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Opinion: Dating the rate makes for a toxic relationship

“Date the rate, marry the house” is perhaps the most used phrase in mortgage and real estate marketing in markets like today, where interest rates are in flux. It should come as no surprise, as interest rates are moving higher and faster than at any time in recent memory. 

With that increase came a near-instant slowing in the housing market, as buyers became hesitant to move forward with the reality of now-higher payments on still-highly-priced homes. Other buyers were pushed from the market altogether, no longer able to afford or qualify for the payments on homes in their desired market.

While ‘date the rate, marry the house’ sounds like a great plan, it also ignores the very present risks that could be dangerous to buyers if not considered. For instance, a recessionary environment typically causes mortgage rate declines, and recession is generally accompanied by a sharp spike in unemployment numbers. Should your buyer be included in rising jobless figures, the rate they planned on dating may become their long-term relationship. 

Uncertainty surrounding home values

In terms of the direction of home values, there’s also some uncertainty. The years 2020 and 2021 brought an unprecedented run in home appreciation as the world adjusted to remote work environments. What’s to follow in markets that have seen 40% to 50+% appreciation in the past 36 months is unclear, but the possibility of a correction in prices in those markets is not unfathomable. If that possibility becomes reality, buyers who entered the market with low down payment loan options may be getting more serious with their interest rate than originally planned.

Heading to a declining rate environment?

To be clear, the market does appear to be heading toward a declining rate environment.  Recessionary indicators point toward a reduction in GDP. Historically, this has stymied the inflationary figures that caused rates to spike in 2022. 

Home prices also seem to be on relatively stable ground, thanks in large part to persistent single family inventory challenges. But to market to the masses based on hope and probability is to ignore reality; the reality that the only certainty we have in both housing and the broader financial markets, is uncertainty.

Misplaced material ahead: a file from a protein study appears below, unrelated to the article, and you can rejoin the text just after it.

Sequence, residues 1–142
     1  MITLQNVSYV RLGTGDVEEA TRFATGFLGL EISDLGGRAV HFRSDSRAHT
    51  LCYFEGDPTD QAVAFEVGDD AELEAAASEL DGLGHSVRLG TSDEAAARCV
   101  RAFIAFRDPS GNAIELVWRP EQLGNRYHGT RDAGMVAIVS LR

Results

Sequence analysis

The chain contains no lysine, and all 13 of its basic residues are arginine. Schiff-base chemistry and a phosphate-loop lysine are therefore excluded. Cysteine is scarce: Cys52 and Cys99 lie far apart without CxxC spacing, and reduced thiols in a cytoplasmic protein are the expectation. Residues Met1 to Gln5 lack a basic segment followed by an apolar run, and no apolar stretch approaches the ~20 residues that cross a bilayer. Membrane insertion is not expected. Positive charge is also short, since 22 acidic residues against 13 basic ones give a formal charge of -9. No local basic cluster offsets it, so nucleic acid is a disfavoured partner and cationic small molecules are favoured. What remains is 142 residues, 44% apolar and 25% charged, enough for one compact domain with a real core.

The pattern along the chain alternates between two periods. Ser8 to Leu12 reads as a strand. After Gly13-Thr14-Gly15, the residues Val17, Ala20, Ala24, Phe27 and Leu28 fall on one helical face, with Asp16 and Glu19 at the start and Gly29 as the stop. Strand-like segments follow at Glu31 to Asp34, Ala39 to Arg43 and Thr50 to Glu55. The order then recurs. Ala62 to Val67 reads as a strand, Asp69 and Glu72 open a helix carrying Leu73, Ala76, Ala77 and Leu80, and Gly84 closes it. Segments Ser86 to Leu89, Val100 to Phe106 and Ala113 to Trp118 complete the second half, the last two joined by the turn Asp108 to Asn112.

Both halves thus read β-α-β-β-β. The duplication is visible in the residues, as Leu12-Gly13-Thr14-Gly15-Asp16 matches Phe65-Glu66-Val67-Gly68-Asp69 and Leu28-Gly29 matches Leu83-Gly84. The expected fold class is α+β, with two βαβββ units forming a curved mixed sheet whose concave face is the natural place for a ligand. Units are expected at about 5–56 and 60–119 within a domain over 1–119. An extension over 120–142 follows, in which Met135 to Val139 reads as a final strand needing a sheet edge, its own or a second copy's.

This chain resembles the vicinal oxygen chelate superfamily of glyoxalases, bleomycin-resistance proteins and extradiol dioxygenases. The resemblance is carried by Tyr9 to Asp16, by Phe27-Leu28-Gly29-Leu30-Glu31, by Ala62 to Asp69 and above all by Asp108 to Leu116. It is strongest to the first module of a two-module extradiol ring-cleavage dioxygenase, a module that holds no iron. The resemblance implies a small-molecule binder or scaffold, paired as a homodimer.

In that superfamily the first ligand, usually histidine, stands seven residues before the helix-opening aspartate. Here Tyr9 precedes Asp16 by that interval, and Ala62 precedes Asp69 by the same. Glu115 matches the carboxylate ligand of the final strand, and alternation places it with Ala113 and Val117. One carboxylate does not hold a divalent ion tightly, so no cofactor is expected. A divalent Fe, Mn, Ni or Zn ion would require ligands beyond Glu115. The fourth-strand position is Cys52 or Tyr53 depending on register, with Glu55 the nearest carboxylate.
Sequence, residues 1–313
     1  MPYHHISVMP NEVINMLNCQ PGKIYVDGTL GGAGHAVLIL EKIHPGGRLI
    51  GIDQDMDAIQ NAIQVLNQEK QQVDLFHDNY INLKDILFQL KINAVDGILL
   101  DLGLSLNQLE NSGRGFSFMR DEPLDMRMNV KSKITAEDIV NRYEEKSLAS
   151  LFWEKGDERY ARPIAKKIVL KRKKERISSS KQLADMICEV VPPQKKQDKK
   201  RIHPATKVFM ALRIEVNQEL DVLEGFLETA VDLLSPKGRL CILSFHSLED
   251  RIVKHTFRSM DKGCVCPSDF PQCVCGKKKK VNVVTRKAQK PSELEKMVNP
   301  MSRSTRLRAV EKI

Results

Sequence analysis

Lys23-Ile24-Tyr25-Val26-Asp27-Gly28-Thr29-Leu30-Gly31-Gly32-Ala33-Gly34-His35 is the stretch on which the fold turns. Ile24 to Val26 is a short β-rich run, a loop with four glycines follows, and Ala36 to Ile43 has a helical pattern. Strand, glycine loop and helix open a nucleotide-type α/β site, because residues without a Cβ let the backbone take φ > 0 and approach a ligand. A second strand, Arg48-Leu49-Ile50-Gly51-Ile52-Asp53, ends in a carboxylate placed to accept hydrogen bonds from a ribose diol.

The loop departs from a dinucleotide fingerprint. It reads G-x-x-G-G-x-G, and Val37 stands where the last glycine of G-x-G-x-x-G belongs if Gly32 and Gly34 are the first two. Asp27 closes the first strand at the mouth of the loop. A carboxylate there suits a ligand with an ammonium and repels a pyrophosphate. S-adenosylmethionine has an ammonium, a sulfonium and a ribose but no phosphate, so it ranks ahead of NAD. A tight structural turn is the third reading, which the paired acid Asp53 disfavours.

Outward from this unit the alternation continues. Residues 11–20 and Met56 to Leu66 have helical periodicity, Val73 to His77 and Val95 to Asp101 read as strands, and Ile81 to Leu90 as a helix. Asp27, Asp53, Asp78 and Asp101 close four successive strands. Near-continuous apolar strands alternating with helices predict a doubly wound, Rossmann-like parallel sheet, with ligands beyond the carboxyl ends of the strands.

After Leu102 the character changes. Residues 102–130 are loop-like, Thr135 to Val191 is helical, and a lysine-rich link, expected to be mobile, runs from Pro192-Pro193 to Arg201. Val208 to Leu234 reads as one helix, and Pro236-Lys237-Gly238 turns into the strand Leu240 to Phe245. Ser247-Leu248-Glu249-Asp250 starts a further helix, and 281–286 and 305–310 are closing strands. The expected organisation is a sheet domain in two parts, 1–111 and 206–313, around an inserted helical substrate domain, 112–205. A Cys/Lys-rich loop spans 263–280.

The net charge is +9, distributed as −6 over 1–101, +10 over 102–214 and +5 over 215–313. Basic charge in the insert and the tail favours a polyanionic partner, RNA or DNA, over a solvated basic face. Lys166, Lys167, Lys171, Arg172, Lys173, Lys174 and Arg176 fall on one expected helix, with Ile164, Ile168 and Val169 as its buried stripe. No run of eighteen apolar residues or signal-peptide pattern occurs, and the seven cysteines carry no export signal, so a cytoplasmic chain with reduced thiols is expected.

2019 isn’t too far back in the rearview mirror, and not a single expert’s forecast included the prediction that the world will shut down like it did during the pandemic. Russia’s invasion of Ukraine and the resulting global proxy war leading to inflationary pressures in the fuel and energy sectors wasn’t on many experts’ radar either.  

As of this writing, there is unrest in China and a human rights crisis unfolding in Iran. We don’t know what the long-term implications, if any, will be from these and similar socio-economical situations around the globe.

While I think rates will be lower in 2023, I don’t know how low they’ll go. And while I think home values are relatively safe (in most markets), I don’t know.  I do know that homeownership is worth marrying.

Long term, there has been no better way for the average American to accumulate wealth and improve their financial security. Homeownership, though, includes today’s rates. At a fixed rate, a home buyer knows what their monthly payment will be every month (excluding fluctuations in taxes and insurance.)

If they can afford today’s rate, they should buy a home with today’s rate. They can hope for a better rate tomorrow, but they shouldn’t plan on ‘dating the rate’ as if it’s a sure thing. 

Home buyers shouldn’t be making what might be the largest financial decision of their lifetime based on hope and speculation. Those types of decisions should be based on reality. 

Real estate pros, it’s time for a better marketing pitch. Those looking to ‘date the rate’ may end up in an entanglement they didn’t bargain for, and you don’t want to be the one who led them there.

John Meussner is a production manager with MasonMac licensed in more than 20 states. 

This column does not necessarily reflect the opinion of RealTrends’ editorial department and its owners.

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John Meussner at

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